European gas industry leaders gathering in Vienna for the second day of the 27th annual European Autumn Gas Conference finally heard some encouraging views about natural gas in Europe. That theme, however, seemed discordant against yet another dose of discouraging prospects articulated by some speakers.
Representatives of projects for importing more gas into Europe generally sounded optimistic in contrast to speakers on the previous day (OGJ Online, Nov. 13, 2012).
Henning Kothe, project director for Nord Stream AG, which operates the nearly complete twinned 760-mile pipeline from Vyborg, Russia, to Lubmin, Germany (OGJ Online, Aug. 30, 2012), not surprisingly said he sees a “place and a need” for natural gas in Europe, in particular, and in the wider world.
As his project is progressing to build additional capacity, he expressed a need for further gas infrastructure capacity in Europe.
John Baldwin, BP PLC vice-president for the Southern Corridor, likewise expressed optimism for gas in Europe, focusing especially on demand in Turkey.
Indeed, throughout the conference, several speakers have excepted Turkey in particular and southeast Europe in general from the gloomy views of near-term gas prospects in Europe. Baldwin touted the growth of gas supplies from the South Caspian basin via pipeline into Europe.
Matthias Keucheel, E.On Ruhrgas senior vice-president for gas supply in the South Caspian region, said demand for natural gas in Turkey in the medium and long term will increase. He noted the lack of a unified market in Europe and the highly liquid market in the UK.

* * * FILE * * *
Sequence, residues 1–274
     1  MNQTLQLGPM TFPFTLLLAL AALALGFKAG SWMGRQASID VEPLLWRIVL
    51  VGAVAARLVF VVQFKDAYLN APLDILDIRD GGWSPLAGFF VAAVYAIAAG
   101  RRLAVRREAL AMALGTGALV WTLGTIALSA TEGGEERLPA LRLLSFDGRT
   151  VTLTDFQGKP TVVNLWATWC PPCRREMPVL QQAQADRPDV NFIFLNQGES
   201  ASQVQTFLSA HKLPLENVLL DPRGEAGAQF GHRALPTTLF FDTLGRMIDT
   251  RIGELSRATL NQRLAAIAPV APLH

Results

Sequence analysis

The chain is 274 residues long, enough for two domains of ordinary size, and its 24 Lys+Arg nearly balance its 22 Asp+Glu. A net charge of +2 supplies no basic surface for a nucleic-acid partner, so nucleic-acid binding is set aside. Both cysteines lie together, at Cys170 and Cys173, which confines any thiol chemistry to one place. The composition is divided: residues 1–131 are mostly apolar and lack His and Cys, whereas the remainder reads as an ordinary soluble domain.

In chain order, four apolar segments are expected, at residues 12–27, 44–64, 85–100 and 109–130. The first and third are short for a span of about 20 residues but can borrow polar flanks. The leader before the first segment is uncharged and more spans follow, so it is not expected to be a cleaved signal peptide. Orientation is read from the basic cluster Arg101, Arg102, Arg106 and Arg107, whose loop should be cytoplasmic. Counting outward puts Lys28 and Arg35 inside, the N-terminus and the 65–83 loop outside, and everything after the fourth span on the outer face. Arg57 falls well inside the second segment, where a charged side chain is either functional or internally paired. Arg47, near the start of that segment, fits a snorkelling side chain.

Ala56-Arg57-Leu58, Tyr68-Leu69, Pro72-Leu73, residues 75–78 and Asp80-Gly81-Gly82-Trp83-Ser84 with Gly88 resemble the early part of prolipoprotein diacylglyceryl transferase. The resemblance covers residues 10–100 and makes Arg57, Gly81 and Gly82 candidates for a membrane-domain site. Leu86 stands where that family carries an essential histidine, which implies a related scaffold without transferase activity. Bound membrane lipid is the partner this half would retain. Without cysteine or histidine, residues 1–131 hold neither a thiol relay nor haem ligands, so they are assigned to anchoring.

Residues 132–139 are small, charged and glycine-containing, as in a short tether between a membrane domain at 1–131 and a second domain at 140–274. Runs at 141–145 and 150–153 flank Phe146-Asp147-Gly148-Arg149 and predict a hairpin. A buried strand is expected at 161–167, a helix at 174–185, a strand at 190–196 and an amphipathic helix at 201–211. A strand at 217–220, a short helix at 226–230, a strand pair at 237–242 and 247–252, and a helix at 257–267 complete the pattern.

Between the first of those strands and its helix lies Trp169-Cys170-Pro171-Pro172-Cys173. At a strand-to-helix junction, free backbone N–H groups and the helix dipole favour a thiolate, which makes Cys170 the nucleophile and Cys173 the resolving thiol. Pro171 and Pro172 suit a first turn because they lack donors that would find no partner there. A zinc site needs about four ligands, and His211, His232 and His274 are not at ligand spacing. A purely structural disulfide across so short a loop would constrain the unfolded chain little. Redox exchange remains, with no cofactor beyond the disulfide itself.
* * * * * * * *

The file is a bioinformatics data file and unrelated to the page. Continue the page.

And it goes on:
He presented the prospects for and advantages of the proposed Trans-Adriatic Pipeline (OGJ Newsletter, Aug. 20, 2012).
Hanging over and qualifying these outlooks, however, were the views of other industry speakers.
Stefan Judisch, chief executive officer of RWE Supply & Trading GMBH, told the gathering that Europe needs no more natural gas infrastructure. He illustrated the current decline of demand for natural gas by citing the 15% price drop on Nov. 13 in the shares of E.On Ruhrgas—the largest ever such drop, he said.
Germany in particular, Judisch believes, reflects the future, with its deep subsidies for solar photovoltaic panels. The country is home to “40% of the world’s photovoltaic panels,” he said, and there is no reason the technology will not spread to global regions with far more days of sunshine, such as Saharan Africa.
From the viewpoint of Chris Finlayson, executive director and managing director of BG Advance, European subsidies for renewables have undermined what was once a healthy trend toward European natural gas market liberalization.
As have others at the conference, Finlayson noted the irony of carbon emissions falling in the US while increasing in Europe—almost entirely from the burning of coal imported from the US. In the last year, he said, coal imports from the US have increased by 24%.
He sees virtually no chance for shale development on any but the smallest scale in Europe and believes LNG will come to Europe as a market of last resort.
Finally, Erwin Van Bruysel, executive vice-president for long-term gas supply for Eni SPA, Gas & Power Division, sees the only revival in Europe being the renewal of price regulations. As for security of natural gas supply, it sits “under a cloud of coal dust.”
Contact Warren R. True at firstname.lastname@example.org.